photo trans-moms-2_zpsf9wawvva.jpgYesterday I posted about a group of Canadian mothers of transgender kids who were starting a "bathroom movement" in order to advocate on behalf of their children. In that diary, we met Anne Lowthian and her child, Charlie.

 photo trans-moms_zpskwcojvae.jpgIn Saskatoon Megan Cheesbrough and Fran Forsberg commandeered a men's restroom to drive home the point.

As of early March, Bill C-279 is awaiting the outcome of a Senate committee report consideration.

This private member's bill is seeking to change current federal laws in order to introduce gender identity to the Human Rights Code of Canada. The bill passed its first two readings and went to committee, at which point Senator Donald Plett introduced amendments.

[The amendments] exempt federal spaces from being bound by legislation. His rationale was that he wanted women's shelters or women's bathrooms and change rooms to be able to exclude trans women where they feel it is an issue of safety.

[That] is ridiculous because you can't exclude an entire group of people for safety, that's what bigotry looks like. So, in order to stand up for our trans children, we are here to pee in the opposite gender's bathroom and make that statement that if our children are going to be forced into the wrong bathroom, then we're going in there to make it a safer space for them.


Sponsor of C-279 Senator Grant Mitchell says that the bill is now at "report stage" in the Senate, so is undergoing debate. Mitchell says he had introduced an amendment to rmov the "bathroom amendment" introduced by Plett in the "committee stage."

I believe that this amendment is inherently discriminatory and have urged my colleagues to vote in favour of passing Bill C-279 without this 'bathroom amendment"

--Sen. Mitchell

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There's nothing that's wrong with my daughter. Senator Plett needs to educate himself about transgender people, altogether, because he obviously is not educated in that area and to me, in this day and age, there is no excuse for that kind of ignorance. 


Forsberg compares the legislation prohibiting a transgender person from using a washroom or a shelter to keeping a person out of a washroom because of their race.

People confuse gender with somebody's sexuality. And gender is how you present to society. Senator Plett doesn't understand this.


More about Forsberg and her transgender child is available here.

For his part Plett says he is entirely misunderstood and is being castigated totally unfairly.

He said he does not think he is being treated fairly in the debate and views himself as a champion of transgender rights.

I really want to emphasize that I believe we need to represent all members of society, including the transgender community.

The fact of the matter is I have been entirely supportive of their argument when it comes to employment and when it comes to housing, which they told me was their biggest concern. The transgender community has come miles from where they were and largely because of my work on this particular bill.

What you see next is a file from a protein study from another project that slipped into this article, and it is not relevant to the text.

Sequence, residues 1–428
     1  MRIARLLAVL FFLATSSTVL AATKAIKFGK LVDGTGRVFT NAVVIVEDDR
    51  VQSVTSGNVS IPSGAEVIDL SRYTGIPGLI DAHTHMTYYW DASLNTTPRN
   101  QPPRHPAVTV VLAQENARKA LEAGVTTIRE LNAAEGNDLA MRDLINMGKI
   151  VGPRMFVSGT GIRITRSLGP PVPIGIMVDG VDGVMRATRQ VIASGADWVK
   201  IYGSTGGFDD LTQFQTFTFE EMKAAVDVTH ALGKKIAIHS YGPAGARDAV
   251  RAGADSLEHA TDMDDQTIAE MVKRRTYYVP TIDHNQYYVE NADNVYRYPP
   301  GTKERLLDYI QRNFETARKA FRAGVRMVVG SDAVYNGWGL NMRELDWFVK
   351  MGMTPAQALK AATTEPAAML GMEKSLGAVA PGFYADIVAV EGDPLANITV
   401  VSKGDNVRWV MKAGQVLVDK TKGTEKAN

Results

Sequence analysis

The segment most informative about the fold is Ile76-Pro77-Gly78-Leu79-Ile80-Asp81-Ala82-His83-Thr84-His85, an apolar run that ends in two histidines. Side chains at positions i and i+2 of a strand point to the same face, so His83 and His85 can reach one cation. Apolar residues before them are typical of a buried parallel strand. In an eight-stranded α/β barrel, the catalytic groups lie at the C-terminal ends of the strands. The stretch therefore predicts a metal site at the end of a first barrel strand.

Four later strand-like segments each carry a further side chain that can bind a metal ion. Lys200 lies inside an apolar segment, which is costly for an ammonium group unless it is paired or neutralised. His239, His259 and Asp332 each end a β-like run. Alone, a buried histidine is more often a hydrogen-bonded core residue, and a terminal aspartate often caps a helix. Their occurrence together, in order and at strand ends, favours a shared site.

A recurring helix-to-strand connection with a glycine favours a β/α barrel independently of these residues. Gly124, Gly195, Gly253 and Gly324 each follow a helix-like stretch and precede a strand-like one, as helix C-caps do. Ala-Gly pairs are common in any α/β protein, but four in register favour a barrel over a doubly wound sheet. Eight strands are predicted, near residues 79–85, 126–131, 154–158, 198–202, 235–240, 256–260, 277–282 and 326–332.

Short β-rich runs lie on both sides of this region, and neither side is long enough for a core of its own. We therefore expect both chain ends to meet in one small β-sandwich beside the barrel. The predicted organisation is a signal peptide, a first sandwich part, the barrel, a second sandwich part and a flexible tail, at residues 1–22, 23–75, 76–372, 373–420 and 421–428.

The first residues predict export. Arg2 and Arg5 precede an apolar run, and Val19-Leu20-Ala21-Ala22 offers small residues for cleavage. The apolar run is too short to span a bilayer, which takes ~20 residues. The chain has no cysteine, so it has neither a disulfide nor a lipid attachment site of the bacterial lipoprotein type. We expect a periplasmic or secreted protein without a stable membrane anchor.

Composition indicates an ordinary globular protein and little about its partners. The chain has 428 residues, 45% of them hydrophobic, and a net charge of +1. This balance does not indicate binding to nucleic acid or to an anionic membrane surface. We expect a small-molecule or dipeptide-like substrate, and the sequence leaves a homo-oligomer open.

But someone has to stick up to protect the rights of women, and that, says Plett, is where he is at. Which I can only interpret to mean, that he doesn't believe that transgender women are women.

Some "champion."

Still killing ourselves laughing over here at Plett's quote about how the trans community has come so far *largely* because of his work.


I find it quite difficult when they call me 'transphobic,' when I, in fact, have worked diligently on bringing this bill to a vote, which has now been stalled by a Liberal senator by bringing for an amendment in the Senate chamber.

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As Bill C-279 awaits a report from the senate committee, activists continue to take selfies in the opposite sex's washroom as a form of protest. 

Jillian Page has an analysis of where C-279 actually stands.

With or without the controversial “bathroom amendment,” the bill will have to return to the House of Commons “where the (three or two) Senate amendments will be accepted or rejected,” Senator Mitchell says in a Liberal Senate Forum report.

The House of Commons is unlikely to debate the bill’s amendments — once it finally gets back there — before its summer break. Then, Parliament will be dissolved in the fall, an election will be called, and Bill C-279 will die and have to be re-introduced as a new bill.

And round and round we go. The new bill will be the third attempt, and even when it passes through the House of Commons again, it will still face a Conservative-dominated Senate.


Senator Plett also assured Canadian transgender people that “The bathroom that Trans people feel comfortable using now will be the same bathroom they will use after this law (amended) passes.”

In other words, when the dust settles from all of this during the summer, it will be bathroom business as usual for transgender people — regardless of whether a miracle happens and the House of Commons and the Senate team up for a successful Hail Mary play soon to get Bill C-279 passed.





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